Honda N600 Spotted at Local Cruise-In With Nissan Friend In Tow
This tiny Honda N600 may not look like much, but it paved the way for the company’s success in America.
We’re hoping that your Memorial Day weekend was a good one, spent relaxing, being with family and friends, and remembering the sacrifices made by our fallen troops. After a parade in the morning and grilling in the afternoon, we went to a car show in the evening.
The Riverfront Cruise-In is held every Monday evening in Cuyahoga Falls, Ohio, a suburb of Akron. As you might expect, most of the cars in attendance were chrome-laden, V8-powered behemoths from the golden age of American cars.
We were shocked to see this Honda N600 and Nissan Pao, alongside it. Naturally, the two “outcasts” of the show gravitated towards each other and parked side by side. They might even be friends who came together – we’re not sure, as we couldn’t find the owners.
However, we did notice a ton of positive comments about both cars from attendees. The two small Japanese cars were certainly attracting a lot of attention in a sea of Corvettes, Mustangs, and classic pickup trucks.
Seeing a pair of classic Japanese cars in the heart of the Rust Belt is a rare occasion – especially when one of the cars (The Nissan Pao) was never even sold here in the first place. The Honda N600, on the other hand, is a very important part of Honda’s history in America.
The N600 was the very first Honda car sold in the United States. Sold here between 1970 and 1972, it offered something of a stepping stone from Honda’s burgeoning success in the American motorcycle market to the automobile market.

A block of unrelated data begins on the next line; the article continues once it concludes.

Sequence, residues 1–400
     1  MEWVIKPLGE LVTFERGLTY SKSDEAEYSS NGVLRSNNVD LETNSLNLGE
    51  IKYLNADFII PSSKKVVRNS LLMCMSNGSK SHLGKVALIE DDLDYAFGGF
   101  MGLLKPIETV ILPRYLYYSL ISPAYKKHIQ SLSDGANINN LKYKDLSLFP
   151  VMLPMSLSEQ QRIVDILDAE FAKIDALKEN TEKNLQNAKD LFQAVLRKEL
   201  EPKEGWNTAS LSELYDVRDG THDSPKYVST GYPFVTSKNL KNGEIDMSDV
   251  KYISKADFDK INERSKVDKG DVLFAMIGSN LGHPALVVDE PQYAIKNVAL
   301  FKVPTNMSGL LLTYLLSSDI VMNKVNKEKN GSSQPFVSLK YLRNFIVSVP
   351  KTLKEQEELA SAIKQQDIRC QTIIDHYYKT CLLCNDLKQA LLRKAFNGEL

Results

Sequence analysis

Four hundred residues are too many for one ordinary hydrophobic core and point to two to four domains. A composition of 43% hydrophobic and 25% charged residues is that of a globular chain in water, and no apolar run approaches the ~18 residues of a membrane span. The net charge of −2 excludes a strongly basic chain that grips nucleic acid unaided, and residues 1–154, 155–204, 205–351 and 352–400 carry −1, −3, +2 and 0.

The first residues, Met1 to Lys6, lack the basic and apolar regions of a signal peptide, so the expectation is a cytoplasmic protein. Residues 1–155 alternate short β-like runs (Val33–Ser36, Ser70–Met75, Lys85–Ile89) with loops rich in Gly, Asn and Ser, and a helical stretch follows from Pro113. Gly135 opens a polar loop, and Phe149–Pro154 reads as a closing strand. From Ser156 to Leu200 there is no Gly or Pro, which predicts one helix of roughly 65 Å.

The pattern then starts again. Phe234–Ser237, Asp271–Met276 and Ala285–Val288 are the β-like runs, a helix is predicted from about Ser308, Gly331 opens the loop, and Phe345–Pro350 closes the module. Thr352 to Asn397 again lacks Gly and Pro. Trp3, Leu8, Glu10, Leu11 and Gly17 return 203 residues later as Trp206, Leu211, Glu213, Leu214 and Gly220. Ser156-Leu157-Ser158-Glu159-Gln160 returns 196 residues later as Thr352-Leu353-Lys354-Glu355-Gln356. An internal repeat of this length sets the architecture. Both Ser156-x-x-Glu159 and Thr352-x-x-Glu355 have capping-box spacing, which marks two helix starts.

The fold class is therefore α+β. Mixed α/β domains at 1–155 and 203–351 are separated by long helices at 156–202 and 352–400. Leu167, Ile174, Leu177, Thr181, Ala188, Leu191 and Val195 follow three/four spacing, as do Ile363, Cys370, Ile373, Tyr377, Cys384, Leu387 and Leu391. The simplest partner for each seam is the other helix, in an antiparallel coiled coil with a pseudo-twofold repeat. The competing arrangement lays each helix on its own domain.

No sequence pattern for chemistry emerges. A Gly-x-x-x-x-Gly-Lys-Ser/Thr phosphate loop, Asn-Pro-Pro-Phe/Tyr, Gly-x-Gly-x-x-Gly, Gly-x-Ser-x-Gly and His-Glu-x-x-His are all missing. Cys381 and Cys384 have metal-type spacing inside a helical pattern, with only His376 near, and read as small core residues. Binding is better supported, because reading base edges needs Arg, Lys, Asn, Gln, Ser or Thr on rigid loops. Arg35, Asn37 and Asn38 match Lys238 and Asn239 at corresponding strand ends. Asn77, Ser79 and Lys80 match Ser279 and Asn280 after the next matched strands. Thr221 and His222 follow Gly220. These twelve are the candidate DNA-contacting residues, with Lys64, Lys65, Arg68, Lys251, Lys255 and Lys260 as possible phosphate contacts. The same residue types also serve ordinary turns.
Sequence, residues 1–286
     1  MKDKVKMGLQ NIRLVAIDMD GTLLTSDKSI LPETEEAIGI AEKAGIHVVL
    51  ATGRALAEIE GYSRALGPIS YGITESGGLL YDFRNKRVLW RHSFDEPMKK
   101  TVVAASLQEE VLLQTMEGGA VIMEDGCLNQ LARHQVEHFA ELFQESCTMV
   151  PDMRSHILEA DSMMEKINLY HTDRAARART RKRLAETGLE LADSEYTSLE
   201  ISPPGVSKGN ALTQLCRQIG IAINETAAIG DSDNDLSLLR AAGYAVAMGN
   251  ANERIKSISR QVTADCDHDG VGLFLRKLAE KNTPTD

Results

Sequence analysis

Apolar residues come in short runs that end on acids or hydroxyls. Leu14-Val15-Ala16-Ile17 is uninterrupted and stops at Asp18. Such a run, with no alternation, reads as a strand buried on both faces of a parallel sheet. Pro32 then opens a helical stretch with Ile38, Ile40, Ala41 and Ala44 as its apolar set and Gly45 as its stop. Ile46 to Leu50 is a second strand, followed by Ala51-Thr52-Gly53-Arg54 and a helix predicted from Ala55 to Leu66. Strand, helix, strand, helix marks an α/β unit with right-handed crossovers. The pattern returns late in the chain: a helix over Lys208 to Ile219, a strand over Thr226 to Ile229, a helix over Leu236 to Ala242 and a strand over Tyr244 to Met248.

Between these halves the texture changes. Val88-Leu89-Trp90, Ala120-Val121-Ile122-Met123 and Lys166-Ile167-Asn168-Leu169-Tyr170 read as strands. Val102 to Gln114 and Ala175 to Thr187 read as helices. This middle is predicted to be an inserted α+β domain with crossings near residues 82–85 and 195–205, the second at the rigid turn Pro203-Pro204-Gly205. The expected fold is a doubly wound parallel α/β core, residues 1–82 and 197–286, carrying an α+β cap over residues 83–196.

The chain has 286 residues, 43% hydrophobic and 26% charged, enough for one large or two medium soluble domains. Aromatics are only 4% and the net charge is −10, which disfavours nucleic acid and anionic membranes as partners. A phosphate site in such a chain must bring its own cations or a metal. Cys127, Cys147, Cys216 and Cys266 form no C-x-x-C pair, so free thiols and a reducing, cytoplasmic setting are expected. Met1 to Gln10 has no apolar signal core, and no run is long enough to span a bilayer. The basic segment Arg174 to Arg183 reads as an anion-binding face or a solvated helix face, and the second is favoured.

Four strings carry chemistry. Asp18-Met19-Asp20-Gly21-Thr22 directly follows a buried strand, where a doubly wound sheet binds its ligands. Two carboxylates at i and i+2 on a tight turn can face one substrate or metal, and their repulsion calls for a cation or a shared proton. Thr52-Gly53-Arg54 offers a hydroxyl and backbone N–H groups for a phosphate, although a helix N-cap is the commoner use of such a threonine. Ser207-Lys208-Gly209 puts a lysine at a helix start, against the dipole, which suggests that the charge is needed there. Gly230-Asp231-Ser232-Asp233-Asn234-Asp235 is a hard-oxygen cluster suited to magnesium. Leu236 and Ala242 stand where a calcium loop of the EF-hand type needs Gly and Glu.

The N600 is a pretty advanced piece of machinery, with an all-aluminum, overhead-cam 600cc engine producing up to 45 horsepower with a 9,000 RPM redline.
This particular example, displayed with its original window sticker, was originally sold new at an Oldsmobile dealer in Portland, Oregon. We learn a few other pieces of info, too: the subdued, non-metallic red color was officially called “Magna Red,” and the base price was $1,473. That’s roughly equivalent to just under $10,000 today – talk about a bargain!
At that price, many skeptical Americans took a chance on the tiny Japanese car. About 25,000 folks bought N600s in the three years they were sold here. Sales started in late 1969, stopping in 1972 to make way for a larger, more powerful car better suited for American roads: the Civic. It’s hard to overstate how important this tiny car really is.